JACKSON COUNTY, Ala. (WHNT) -- Three years after devastating tornadoes hit the Tennessee Valley residents and responders are remembering those who lost their lives.
Inside a small church in Flat Rock, Jackson County, residents there bowed their heads for a moment of silence. A small plaque sits at the front. Its letters are small, but its significance is huge.
Written on it are the names of the people in the area who lost their lives to the storms in 2011.
The community in Flat Rock is remembering the people in their area who lost their lives in the tornadoes.
Through encouraging words and prayer, they're coping.
Miles away in Scottsboro at in the Emergency Management Agency, it's a different feel.
With a severe weather threat for the Valley extending over several days, officials are monitoring it on the hour.
Jackson County EMA Director Mike Ashburn's job for the next several days will keep him in the Emergency Operations Center.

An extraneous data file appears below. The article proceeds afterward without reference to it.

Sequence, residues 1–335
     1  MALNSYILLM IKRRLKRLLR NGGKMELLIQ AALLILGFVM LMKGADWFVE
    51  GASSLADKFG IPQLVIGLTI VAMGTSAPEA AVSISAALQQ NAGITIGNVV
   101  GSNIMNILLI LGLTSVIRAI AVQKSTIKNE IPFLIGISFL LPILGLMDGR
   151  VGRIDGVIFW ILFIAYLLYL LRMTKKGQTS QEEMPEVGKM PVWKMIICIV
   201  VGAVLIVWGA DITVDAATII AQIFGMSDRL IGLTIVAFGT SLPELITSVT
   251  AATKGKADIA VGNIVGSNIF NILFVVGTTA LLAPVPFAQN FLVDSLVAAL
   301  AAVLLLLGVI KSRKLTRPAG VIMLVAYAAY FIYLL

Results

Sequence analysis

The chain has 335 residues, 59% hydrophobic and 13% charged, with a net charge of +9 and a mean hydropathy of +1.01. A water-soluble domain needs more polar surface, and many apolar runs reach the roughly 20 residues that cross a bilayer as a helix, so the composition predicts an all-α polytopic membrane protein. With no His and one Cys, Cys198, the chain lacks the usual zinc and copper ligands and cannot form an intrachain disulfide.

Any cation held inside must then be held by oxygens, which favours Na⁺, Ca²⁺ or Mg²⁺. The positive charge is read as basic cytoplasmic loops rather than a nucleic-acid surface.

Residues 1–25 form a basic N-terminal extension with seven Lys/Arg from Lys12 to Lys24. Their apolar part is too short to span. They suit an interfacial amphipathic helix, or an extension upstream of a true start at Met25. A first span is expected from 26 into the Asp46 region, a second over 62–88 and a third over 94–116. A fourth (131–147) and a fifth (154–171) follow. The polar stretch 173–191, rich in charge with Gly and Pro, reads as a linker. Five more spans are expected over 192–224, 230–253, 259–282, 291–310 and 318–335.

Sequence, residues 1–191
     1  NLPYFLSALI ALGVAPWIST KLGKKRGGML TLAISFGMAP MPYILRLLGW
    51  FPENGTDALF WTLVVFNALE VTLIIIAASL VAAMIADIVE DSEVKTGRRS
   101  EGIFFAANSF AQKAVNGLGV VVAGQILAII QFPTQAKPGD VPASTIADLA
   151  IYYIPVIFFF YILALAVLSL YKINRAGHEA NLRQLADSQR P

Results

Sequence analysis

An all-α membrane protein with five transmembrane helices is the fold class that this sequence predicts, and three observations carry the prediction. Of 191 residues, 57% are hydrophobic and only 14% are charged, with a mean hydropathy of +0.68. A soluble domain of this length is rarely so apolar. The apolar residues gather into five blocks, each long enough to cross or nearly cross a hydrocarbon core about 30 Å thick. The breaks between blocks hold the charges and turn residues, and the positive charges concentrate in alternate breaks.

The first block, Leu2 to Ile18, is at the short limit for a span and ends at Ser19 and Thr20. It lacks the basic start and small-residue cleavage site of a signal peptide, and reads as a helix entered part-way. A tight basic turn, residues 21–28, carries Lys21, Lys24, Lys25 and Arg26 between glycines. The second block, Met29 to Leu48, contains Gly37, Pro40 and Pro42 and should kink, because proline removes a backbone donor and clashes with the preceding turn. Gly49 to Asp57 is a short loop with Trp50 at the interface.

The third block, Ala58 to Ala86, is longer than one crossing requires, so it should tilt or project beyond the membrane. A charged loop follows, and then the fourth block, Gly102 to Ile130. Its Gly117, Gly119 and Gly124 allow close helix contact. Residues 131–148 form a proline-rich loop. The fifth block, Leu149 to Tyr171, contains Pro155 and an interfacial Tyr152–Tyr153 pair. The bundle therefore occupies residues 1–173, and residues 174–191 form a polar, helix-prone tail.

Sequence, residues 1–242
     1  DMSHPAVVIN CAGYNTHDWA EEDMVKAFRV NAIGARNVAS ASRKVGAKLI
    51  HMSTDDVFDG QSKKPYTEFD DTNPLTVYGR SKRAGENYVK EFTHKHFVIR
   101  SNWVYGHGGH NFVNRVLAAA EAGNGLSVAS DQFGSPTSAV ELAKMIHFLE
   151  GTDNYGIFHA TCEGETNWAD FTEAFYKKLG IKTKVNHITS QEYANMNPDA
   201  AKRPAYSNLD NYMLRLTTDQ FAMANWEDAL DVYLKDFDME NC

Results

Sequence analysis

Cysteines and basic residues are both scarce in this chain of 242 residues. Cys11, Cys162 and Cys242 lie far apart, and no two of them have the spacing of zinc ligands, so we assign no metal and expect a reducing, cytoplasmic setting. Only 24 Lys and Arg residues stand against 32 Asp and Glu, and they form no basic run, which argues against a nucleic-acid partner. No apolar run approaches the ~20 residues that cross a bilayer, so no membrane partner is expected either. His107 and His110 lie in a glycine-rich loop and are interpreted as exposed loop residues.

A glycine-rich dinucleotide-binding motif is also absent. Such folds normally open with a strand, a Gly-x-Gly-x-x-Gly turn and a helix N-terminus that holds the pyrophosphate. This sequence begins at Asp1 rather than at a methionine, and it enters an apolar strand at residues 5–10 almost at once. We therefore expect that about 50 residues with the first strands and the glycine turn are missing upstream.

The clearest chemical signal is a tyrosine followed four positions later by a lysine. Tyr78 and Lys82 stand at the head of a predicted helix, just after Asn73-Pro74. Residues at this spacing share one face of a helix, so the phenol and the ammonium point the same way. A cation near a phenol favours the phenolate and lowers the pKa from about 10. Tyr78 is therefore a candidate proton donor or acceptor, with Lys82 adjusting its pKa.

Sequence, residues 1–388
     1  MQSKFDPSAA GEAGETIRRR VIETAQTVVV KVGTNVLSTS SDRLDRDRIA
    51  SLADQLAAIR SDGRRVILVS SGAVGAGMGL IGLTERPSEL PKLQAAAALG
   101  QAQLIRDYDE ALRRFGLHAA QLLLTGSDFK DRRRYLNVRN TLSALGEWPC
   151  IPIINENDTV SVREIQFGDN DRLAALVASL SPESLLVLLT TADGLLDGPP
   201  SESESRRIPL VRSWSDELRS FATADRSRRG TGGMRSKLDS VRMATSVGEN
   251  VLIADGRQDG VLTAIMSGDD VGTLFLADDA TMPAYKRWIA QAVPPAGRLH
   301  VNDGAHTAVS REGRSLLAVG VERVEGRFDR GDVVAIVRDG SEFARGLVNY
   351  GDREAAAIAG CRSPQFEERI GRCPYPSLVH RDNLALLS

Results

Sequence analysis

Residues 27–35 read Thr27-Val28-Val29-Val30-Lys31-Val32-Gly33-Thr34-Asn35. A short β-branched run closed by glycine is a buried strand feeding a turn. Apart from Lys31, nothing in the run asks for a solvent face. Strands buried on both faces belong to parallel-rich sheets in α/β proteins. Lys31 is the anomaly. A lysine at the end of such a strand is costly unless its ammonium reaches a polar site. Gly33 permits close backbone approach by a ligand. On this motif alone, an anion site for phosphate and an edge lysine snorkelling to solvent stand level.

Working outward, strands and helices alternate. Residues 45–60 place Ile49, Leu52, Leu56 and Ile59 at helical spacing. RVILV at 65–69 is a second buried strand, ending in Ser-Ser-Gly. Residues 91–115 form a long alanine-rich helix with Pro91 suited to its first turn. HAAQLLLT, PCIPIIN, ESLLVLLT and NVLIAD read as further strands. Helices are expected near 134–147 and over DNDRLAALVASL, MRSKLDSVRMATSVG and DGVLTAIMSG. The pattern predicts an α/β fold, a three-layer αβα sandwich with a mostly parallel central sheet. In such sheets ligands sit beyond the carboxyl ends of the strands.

While he's working though, he's remembering. "April 27th is a day we'll always remember," Ashburn says, "It started early and never did stop."
He says when the storms hit it took every resource in the county to respond. "The rescue squads, the local fire departments, they had their hands full. They were overwhelmed and had a lot of help from the general public in this time of need."
Ashburn says the storms seemed endless. "We were here at the EOC at three in the morning, getting prepared for it, and then first damage reports came in at seven in the morning and the last was at 11 that night," Ashburn says.
The damage the storms left was devastating.
Some parts of the area are still recovering.
Ashburn says it brought the county together. "The communities pulled with one another in this horrible time," Ashburn says.
Eight people died in Jackson County from the storms in 2011.
Ashburn says since then they've bettered their communication systems. They've also gotten new means of communication, so the EMA can get more information out to the public, faster than they did three years ago.